This was one seriously delicious, hearty meal. And thanks to Dreena, you can make it at home, too.
To see a few more recipes from the book, check out these other bloggers’ posts:
Creamy vegan fettucini “alfredo” (on The Blender Girl)
Ta-quinos (on Cooking Quinoa)
Crazy brownies (on Spabettie)
No-bake granola bars (on Welcoming Kitchen)
White bean guacamole (on Recipe Renovator)
For this recipe and over 100 more, head out to buy Dreena’s book.
Super Stuffed Sweet Potatoes
A perfect easy, simple and totally satisfying meal. This works equally well with a tossed salad or a side of steamed veggies–whatever strikes your fancy! Feel free to switch up the filling, too (chickpeas and navy beans are nice; or swap out the cashew cream for some zippy salsa and add avocado slices on top).
2 whole sweet potatoes, with skin
2 cups (480 ml) cooked black beans, drained
2 green onions, sliced
Baconut, for sprinkling (see recipe, below)
Preheat oven to 400F (200C). Place sweet potatoes on a parchment-lined cookie sheet and bake until soft, about an hour.
Remove potatoes from the oven and slice in half lengthwise, cutting about 3/4 of the way through to the bottom. Gently pull the sides apart.
Stuff with a layer of beans and top with a dollop of cashew cream. Sprinkle with green onions and Baconut. Dig in and enjoy! Makes 2 servings. May be doubled.
[Baconut, Lettuce and Tomato Sandwich. Photo: Nicole Axworthy]
reprinted with permission from Plant-Powered Families by Dreena Burton (© 2015, Ben Bella Press)
Large flakes of unsweetened coconut are the perfect canvas to infuse the smoky-sweet flavor associated with bacon. Coconut has natural fat and the flakes absorb seasoning well. After a low-heat bake, the flakes are crunchy, savory, salty, smoky, and just a touch sweet. Try them on your next sandwich and take your lunch to a new level of deliciousness!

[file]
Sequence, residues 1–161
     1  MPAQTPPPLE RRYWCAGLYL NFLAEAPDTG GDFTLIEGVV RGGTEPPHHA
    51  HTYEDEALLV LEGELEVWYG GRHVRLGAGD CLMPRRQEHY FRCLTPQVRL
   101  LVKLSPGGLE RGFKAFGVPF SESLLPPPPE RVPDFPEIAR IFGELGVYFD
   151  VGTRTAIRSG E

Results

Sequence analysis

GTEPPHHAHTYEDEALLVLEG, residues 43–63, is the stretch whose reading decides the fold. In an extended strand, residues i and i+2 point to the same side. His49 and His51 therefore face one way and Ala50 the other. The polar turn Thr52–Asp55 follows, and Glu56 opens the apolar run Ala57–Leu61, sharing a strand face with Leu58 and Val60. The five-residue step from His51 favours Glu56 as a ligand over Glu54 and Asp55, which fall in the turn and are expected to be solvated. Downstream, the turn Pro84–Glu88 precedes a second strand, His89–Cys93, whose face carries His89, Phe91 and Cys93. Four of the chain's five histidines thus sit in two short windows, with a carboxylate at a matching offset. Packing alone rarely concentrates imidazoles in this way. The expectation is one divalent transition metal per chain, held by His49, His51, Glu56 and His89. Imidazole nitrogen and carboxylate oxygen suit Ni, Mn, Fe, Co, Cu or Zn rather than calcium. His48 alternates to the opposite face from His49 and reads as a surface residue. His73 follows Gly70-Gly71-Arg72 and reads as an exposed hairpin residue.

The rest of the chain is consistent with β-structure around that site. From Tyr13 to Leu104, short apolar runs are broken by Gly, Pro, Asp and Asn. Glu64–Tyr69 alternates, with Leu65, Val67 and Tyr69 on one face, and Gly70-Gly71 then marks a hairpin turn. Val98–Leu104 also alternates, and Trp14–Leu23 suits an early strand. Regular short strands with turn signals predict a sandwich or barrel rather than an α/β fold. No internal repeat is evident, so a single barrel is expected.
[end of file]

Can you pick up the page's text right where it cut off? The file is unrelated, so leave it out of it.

3/4 teaspoon smoked paprika
1/2 scant teaspoon sea salt
1/4 teaspoon garlic powder
Freshly ground black pepper to taste
1/2 tablespoon balsamic vinegar [for ACD stage one, use apple cider vinegar]
1/2 teaspoon liquid smoke (see note)
2 cups large flaked, unsweetened coconut
Preheat oven to 275°F. Line a baking sheet with parchment paper. In a large bowl, combine the coconut sugar, paprika, sea salt, garlic powder, black pepper, tamari, vinegar, and liquid smoke. Mix through until the sugar is dissolved. Add the coconut and stir through until all the marinade is absorbed and the coconut is fully coated.
Spread on the prepared baking sheet. Bake for 30–32 minutes, tossing once about halfway through baking and checking for doneness at about 27–28 minutes. The coconut can turn from just perfectly cooked (a dark pinkish brown color) to burned (dark brown, and with a bitter flavor) in just a few minutes. So, don’t overbake! Remove, and let cool. They will continue to dry and crisp once out of the oven. Once completely cool, you can transfer to an airtight container and refrigerate; it will keep for weeks, maybe longer!
Liquid Smoke Note: While this is not an ingredient you may use often, it has a unique and essential flavor. It is worthwhile adding to your pantry (and it stores well in the fridge). You can find it in many grocery stores and also specialty/health food stores. It is not a chemical product; rather, it’s made from condensing vapors from the smoke of smoldering wood chips.
Serving Suggestions: Try sprinkled on soups, in BLTs, on top of baked potatoes, on veggie burgers/cheeseburgers, folded into breakfast scrambles, and as a pizza topping.
Suitable for ACD All stages; sugar-free, gluten-free, grain-free, dairy-free, egg free, soy-free, yeast-free, vegan, low glycemic.